[about Guillermina], “She was strong-willed and had a wealth of gifts for supervising and organizing, gifts that some of the men who decide the world’s fate would have been pleased to possess.”
Don Baldomero (Barbarita’s husband) always is presented in giving long speeches about what he’s complaining about. He’s fun.
They consume so much (shopkeepers themselves by fortune), they never go wanting, except Jacinta who only wants children.
I like the image of Estupina and Barbarita sitting in church saying prayers mixed with what was on sale at the market: Fruit of thine womb, Jesus indeed.
The kittens trapped in the sewer and drown. She feels surrounded by people who have so much they can throw it away while she, who has everything else, desires only children and it obscesses her. I love the details we get of the children she sees.
Juanito and Jacinta have separate beds (unlike his parents), and at the theater he sits in a different box, closer to the stage, because he likes music (and he sits with his friends). She (in fact everyone else) only goes because they think the other enjoys it.
An immensely complex narrative of the Madrid families. Hopefully this was just an exercise in showing complexity and not something I need to pay closer attention to (because my head hurts now).
He talks about how the classes are more mixed in Spain, and you can see this in how Juanito (now referred to as the Dauphin now that he’s married) was with Fortunata, a low class girl. This naming, however, parallels his current position.
the conversation they have during lunch on the train is so cheerily banal but it’s very real. You do feel like you’re right there with them.
Jacinta, though not learned (book learning) condenses all he tells her about the people living along the path of the train into wondering if the people living there are happy, and that a poor person is just as poor no matter where they live.
I thought of the misogyny because here at the end of the novel he is fair to everyone. He shows all their sins and graces side by side because he has finally assembled, by the end, a collection of good people. None of them are stupid, but they are also imperfect like all people. Pierre is considered apart by little Nicholas (the warning of worship is here) but Tolstoy does not criticize this family.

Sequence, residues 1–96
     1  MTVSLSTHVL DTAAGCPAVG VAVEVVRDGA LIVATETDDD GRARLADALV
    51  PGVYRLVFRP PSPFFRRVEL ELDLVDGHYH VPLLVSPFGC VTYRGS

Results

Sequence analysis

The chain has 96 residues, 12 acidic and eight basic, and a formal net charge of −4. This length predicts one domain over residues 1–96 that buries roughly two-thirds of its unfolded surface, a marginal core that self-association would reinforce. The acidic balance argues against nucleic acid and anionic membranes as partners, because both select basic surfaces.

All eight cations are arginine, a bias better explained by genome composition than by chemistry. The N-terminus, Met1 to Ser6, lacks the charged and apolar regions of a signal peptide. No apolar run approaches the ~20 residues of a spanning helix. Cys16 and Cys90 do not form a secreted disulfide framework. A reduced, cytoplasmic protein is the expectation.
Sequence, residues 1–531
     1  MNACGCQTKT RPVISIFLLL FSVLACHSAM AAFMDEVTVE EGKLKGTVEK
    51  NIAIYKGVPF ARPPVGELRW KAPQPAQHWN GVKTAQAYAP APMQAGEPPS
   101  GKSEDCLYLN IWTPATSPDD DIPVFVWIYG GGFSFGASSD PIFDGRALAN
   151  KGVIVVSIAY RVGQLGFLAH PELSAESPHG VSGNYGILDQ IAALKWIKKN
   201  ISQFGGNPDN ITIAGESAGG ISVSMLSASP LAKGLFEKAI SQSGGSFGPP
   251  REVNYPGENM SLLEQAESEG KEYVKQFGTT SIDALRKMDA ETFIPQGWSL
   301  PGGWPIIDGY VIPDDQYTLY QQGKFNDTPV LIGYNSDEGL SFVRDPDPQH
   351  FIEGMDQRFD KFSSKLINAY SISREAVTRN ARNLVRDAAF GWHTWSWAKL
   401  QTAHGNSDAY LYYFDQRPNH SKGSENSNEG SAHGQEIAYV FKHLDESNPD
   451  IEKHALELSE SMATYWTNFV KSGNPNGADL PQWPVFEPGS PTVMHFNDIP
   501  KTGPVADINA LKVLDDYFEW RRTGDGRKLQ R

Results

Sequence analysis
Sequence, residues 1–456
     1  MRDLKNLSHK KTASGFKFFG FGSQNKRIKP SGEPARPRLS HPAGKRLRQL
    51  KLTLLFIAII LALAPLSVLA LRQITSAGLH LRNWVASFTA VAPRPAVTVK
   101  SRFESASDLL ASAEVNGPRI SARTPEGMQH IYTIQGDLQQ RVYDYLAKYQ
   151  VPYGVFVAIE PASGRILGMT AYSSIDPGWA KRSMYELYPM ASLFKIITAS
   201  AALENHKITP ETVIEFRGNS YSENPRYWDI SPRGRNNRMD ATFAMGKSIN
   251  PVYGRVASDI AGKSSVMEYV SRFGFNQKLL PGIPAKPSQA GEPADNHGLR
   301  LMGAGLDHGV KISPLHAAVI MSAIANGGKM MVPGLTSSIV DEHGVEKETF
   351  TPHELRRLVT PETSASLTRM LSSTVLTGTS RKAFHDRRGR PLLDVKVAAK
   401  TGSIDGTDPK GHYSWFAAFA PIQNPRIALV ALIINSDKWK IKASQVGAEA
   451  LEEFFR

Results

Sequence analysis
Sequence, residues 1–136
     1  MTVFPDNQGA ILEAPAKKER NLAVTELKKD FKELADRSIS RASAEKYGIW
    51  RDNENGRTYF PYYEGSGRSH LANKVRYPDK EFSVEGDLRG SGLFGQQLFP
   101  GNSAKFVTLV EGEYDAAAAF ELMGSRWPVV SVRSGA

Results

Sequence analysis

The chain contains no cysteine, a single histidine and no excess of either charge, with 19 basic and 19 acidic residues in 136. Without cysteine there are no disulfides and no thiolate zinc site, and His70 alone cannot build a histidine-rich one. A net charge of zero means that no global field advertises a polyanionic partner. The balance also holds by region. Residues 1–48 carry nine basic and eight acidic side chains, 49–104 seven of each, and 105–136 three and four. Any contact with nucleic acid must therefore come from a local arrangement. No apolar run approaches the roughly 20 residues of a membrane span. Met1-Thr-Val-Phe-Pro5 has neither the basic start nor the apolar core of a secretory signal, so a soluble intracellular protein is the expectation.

I started thinking about the criticism of Tolstoy and his view of women. He’s been accused of being a misogynist and I also tend to think he might have been one, but above that I think he just didn’t like stupid people. The novel is filled with his contempt for Napoleon, the generals, the government, and silly men who do stupid things, so why can’t he also criticize women who do idiotic things. All’s fair.
“You ought not to have been here at all,” There’s a double meaning here in what Nicholas says to his nephew. One meaning is that the boy really shouldn’t be exposed to the radical ideas being spoken of (it’s dangerous), but also had Andrei lived the boy really would not have been there, and maybe there is some resentment, some reminder of that man whom he didn’t get along with in life.
Anna Makarovna’s trick for knitting two stockings at the same time – one inside the other and them pulling them apart – represents the whole family and its generations, as well as all of society. The government is changing (for the worse in this case) born of intrigue and mistrust, and the old are passing the responsibility of the family on to the young: just as one event is tied to a million others.
Tolstoy does not paint a rosy picture of what it will be like to be old. Andrei’s father went mad, The old count was embittered and died ashamed, Pierre’s father (lion that he was) had a stroke. And the Countess played her part and is relegated to go on living onlu because her body insists on it, and not because she has any reason to.
The glances the young people make about her are for us someday, too.